Now, onto the fun stuff:
The numbers are more of a way for us to measure if we’re putting out things that people
even care about. Since starting the website back in April of 2016 we’re been viewed nearly a million times. There have been 822 posts, which is admittedly a lot. Back when there was three of us, and we all lived locally, sometimes things got out of hand and there’d be three, sometimes four posts a day. After Tim departed, and I (Alexander) moved 40 minutes away from Grant, we’ve found our play time, and as such, our output reduced. We’ve also had to tweak our content to include more solitaire gaming because we also do a lot more of that now.
From our humble beginnings of a few hundred daily views we’ve seen steady growth over the past months and we’re now rising to a plateau of around 50,000 monthly views. We’d discussed briefly trying to get 50,000 views every month for the whole year of 2018, and whilst the above graphic shows that’s the case, there’s some rounding in those numbers.
After graphing the actual totals you can see we missed our calendar year goal on the second month of the year! I take pride in the fact that we so very nearly made it, considering that February only has 28 days. From a daily stand point the averages have risen from 1,400 daily views by about 200 views. This kind of incremental growth helps us to know we’re trending in the right direction, but that we need to keep improving in order to keep trending upwards.
Last year when we posted these stats there was a request for a map of viewers and viewership based on location. The WordPess (powered by JetPack) statistics are pretty good so here’s a heat map of where the views come from. Obviously the US is where the majority of views come from (just over half our total lifetime views) with Canada and the UK bringing up the third and second spots respectively. We are an English language written blog so that’s to be expected.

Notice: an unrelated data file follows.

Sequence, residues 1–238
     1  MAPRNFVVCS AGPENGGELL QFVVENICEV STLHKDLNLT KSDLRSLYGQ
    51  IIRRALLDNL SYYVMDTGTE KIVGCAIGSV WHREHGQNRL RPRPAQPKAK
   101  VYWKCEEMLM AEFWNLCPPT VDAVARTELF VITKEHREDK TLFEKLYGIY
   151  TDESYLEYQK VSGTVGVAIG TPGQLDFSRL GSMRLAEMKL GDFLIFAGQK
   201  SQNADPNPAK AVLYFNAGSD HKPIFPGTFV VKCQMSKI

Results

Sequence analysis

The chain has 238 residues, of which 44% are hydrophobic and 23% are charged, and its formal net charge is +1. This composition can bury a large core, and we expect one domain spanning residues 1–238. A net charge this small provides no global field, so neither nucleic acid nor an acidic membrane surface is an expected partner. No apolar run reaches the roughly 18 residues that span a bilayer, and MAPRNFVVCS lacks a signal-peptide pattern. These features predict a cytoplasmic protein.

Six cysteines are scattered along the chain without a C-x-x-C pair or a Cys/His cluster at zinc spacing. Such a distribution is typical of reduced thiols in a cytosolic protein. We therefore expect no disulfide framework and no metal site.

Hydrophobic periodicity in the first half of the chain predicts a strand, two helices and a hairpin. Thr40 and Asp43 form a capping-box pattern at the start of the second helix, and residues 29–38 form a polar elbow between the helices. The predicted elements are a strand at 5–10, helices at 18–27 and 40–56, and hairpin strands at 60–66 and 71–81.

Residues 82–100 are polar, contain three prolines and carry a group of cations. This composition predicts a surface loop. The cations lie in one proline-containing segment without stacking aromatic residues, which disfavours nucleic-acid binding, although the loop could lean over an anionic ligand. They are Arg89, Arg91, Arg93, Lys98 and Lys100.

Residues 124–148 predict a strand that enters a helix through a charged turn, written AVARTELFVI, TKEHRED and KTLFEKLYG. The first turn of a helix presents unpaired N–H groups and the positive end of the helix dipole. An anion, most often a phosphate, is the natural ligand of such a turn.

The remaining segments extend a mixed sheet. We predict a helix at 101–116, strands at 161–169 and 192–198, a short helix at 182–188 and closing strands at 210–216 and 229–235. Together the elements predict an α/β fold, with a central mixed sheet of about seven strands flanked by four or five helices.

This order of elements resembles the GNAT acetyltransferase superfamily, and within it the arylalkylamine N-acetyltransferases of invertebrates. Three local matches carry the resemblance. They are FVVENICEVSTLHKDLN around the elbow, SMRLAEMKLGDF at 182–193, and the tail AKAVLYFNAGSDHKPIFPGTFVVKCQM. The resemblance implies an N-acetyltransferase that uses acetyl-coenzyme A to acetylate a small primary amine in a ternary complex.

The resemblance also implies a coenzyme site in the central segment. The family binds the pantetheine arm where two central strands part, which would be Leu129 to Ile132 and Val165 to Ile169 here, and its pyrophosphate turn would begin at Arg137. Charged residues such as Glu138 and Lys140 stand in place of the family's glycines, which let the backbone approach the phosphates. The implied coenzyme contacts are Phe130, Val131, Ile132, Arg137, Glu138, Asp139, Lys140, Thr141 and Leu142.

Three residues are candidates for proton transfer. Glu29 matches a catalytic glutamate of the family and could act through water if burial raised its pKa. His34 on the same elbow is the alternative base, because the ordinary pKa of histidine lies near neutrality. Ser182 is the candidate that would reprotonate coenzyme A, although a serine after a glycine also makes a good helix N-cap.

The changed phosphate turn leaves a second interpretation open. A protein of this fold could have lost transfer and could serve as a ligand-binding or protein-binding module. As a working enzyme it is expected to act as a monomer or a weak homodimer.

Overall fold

Here’s the specific numbers from each country. There’s a few anomalies like the 1,092 views that came from “European Union”. I’ve no idea what that means. I mean, I know what the EU means, but I have no idea what WordPress designates as EU and not just under the specific country. There was almost twice as many other countries, but they wouldn’t fit on a readable image, and frankly most of them only had one or two views a piece.
Social Media/Other Platforms
The website saw major growth in our first year, but throughout the second year the growth rate has steadied and we are not seeing huge jumps in terms of viewership. Across our other avenues of access, however, our exposure has increased significantly. The only platform that didn’t particularly grow is Instagram, which is both unsurprising – how many of you grogs are on there? but also inconsequential. Instagram drives approximately zero views to our blog, and is mostly just there for fun to show off game components, in progress games, and miniatures that I’ve painted.
Facebook is one of our smaller mediums of communication but we doubled the amount of people that like the page (and therefore see regular updates). We ran an exclusive competition on the FB page late last year that helped to boost that signal. So, our apologies ahead of time if Cambridge Analytica starts selling off your interest in Here I Stand to other board game companies.